Unsupported Browser Detected

Internet Explorer lacks support for the features of this website. For the best experience, please use a modern browser such as Chrome, Firefox, or Edge.

Gone Fishin' with NOAA Fisheries' Southeast Regional Administrator Andy Strelcheck

June 05, 2024

How a love of fishing led to fishery management.

NOAA Fisheries' Southeast Regional Administrator Andy Strelcheck Andy Strelcheck Fishing. Credit: Andy Strelcheck

What is your earliest fishing memory?

My earliest fishing memory is fishing with my dad and grandfather in small freshwater lakes around our neighborhood in Atlanta where I grew up. Bream were always plentiful and easy to catch, which helped keep my attention at a young age. 

Young Andy Strelcheck catching fish
Andy at age 6, fish from local pond, Photo credit: Andy Strelcheck

What is your favorite fishing memory?

My favorite fishing memory is very recent. In the late 1990s, I went to graduate school at the University of South Alabama. I studied red snapper and tagged thousands  of fish. Most of the fish that I caught and tagged then were small and below the minimum size limit. 

More recently, I had the chance to fish with colleagues and friends off Alabama for the first time since graduate school. I caught some really nice-sized red snapper. It was  rewarding to see how much larger, and more abundant, the red snapper were after decades of work rebuilding this important fish stock. 

Fishing as a teen
Andy as a teen, snapper fishing at night, Photo credit: Andy Strelcheck

What was it like taking your kids fishing? How has that experience influenced you?

I have taken both of my sons fishing. My oldest (21) does not share my love of fishing, because he wants the instant gratification of hooking a fish which is not always the case. My youngest son (19), on the other hand, really enjoys fishing and shares my appreciation for a relaxing, enjoyable day on the water catching fish and being with friends. 

You enjoy fishing recreationally—does that help you engage with recreational anglers more effectively?

Absolutely. The Southeast region has more recreational anglers than all other regions of the United States combined. Recreational sportfishing is an important part of our culture, especially given the great weather we enjoy most of the year. Being a recreational angler helps me to relate and engage with other recreational anglers, and better informs the tough decisions I have to make as a voting member of fishery management councils. 

How do you see recreational anglers getting involved in Southeast and Caribbean fisheries science and management?

I encourage recreational anglers to stay informed and get involved. One of the easiest ways to stay informed is by signing up for Council and NOAA Fisheries emails and social media. I also encourage anglers to provide comments at public hearings or fishery management council meetings, or join an organization that provides input to fishery managers. 

If they want to get more engaged, then I recommend joining a Council advisory panel. And if they really want to get an in-depth look  at federal fishery management, I highly encourage anglers to sign up for the Marine Resource Education Program. If they are more interested in science and  research, there are lots of opportunities to conduct cooperative research and citizen science with state and federal fisheries scientists.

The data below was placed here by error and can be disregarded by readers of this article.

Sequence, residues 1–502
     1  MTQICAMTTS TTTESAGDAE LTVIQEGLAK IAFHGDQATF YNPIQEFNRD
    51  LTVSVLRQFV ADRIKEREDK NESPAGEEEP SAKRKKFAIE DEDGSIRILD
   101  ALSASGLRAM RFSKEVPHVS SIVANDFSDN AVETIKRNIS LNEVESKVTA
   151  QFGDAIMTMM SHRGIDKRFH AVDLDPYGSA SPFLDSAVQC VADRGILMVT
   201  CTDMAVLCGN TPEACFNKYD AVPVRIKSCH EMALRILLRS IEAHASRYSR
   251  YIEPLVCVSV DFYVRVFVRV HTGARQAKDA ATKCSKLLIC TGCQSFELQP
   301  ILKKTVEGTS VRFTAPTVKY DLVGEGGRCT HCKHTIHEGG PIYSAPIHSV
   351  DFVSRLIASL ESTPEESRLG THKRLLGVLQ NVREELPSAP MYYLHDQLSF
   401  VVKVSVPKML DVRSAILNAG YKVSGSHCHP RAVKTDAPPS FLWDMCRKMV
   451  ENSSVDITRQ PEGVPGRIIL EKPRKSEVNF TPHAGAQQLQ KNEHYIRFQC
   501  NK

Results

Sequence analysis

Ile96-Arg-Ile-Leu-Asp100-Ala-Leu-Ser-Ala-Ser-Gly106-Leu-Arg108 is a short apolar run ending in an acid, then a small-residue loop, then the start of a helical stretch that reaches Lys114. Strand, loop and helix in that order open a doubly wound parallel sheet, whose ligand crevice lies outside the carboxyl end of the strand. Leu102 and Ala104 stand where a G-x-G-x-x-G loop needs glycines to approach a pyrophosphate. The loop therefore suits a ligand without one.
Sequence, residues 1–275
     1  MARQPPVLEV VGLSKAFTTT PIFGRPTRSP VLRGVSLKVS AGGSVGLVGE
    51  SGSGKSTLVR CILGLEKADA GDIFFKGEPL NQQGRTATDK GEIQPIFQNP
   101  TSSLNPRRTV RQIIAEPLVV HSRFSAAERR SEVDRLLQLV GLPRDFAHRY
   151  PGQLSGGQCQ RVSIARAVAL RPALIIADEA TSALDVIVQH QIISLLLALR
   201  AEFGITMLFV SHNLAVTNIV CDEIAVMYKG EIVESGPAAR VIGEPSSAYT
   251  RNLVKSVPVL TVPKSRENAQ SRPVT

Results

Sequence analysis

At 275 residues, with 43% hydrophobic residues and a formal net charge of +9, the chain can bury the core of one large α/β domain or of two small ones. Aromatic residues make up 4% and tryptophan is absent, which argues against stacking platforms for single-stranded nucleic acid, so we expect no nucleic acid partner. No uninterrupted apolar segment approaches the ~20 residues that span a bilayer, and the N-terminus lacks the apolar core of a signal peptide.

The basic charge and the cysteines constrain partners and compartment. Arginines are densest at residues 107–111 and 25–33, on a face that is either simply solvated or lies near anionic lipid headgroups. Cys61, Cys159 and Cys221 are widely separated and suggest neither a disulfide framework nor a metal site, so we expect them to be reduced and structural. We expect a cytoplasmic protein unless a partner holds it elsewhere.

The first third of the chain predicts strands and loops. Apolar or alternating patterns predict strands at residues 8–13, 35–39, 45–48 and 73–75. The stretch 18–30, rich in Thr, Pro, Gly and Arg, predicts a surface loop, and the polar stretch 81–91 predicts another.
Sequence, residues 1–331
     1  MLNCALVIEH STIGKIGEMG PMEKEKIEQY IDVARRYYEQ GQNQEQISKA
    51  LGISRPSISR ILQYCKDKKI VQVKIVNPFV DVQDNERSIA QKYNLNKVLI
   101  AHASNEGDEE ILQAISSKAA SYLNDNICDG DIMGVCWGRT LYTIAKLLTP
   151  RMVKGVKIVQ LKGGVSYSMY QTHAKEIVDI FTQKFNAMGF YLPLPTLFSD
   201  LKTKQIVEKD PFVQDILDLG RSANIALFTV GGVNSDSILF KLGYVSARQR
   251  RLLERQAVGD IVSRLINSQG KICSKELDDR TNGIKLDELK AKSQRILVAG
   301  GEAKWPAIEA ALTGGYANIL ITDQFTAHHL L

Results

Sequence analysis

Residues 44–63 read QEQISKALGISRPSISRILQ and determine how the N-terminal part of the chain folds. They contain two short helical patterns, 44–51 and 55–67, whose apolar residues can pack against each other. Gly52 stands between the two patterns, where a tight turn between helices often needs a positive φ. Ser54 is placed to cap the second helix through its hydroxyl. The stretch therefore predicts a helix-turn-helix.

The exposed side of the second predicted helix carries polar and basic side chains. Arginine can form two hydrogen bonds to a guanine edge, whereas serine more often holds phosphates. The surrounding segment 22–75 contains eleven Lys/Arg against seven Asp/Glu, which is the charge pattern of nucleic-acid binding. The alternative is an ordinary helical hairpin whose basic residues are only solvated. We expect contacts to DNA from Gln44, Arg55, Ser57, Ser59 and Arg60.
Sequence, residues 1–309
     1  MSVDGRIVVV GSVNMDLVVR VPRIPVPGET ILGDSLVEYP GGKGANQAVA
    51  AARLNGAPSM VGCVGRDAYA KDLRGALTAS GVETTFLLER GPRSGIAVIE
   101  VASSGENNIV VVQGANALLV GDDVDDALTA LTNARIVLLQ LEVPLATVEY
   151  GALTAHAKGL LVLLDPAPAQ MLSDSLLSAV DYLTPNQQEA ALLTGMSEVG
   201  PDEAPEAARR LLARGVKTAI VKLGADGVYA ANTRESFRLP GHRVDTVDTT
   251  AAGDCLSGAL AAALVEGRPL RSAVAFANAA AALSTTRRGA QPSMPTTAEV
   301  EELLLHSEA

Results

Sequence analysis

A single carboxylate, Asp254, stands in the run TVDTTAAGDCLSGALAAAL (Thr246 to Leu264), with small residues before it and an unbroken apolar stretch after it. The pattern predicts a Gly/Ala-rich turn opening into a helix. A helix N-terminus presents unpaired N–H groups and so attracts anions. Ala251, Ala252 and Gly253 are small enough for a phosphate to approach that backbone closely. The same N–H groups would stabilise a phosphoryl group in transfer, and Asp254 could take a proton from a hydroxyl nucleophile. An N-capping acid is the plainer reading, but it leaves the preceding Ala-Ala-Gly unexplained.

Most importantly, I encourage recreational anglers to offer new, innovative ideas to help manage our fisheries. Coastal population growth, increasing fishing effort, vast improvements in fishing equipment and technology, and climate change make it more difficult to manage our fisheries using traditional fishery management tools. Going forward, we will need new ideas and solutions to ensure the sustainability of our fisheries. Input from recreational anglers will be critical to help managers tackle those challenges. 

How do you see climate change affecting Southeast and Caribbean anglers?

Climate change is already affecting the distribution of our fish species. Many of our fish species are extending their range farther north as water temperatures increase, and they may also be shifting to deeper, cooler water. Additionally, we are seeing changes in the productivity and recruitment of fish stocks, which is reducing the amount of fish that can be sustainably harvested. Climate change is also dramatically affecting corals through increased disease and bleaching, which in turn negatively affects fish that depend on coral reefs. 

We are actively working to improve the climate readiness of our fisheries, including more than $20 million in Inflation Reduction Act funding for recreational data improvements. Similarly, along the Eastern Seaboard, we are planning for the future effects of climate change on our fisheries. We are conducting scenario planning, improving cross-jurisdictional governance across fishery councils, prioritizing data needed to manage in a changing climate, and better addressing uncertainty and increasing management flexibility. 

What have been some of your favorite fishing trips?

Some of my favorite fishing trips don’t involve a fishing pole. Living in the Tampa Bay area, I take an annual trip to the Big Bend of Florida to go scalloping every summer. It is a great way to spend time with kids and close friends. I love captaining the boat and seeing the excitement of everyone snorkeling for scallops. Shucking the scallops is the least enjoyable part of the trip, but they always make for a great linguini dinner at the end of the day!

Last updated by Southeast Regional Office on June 12, 2024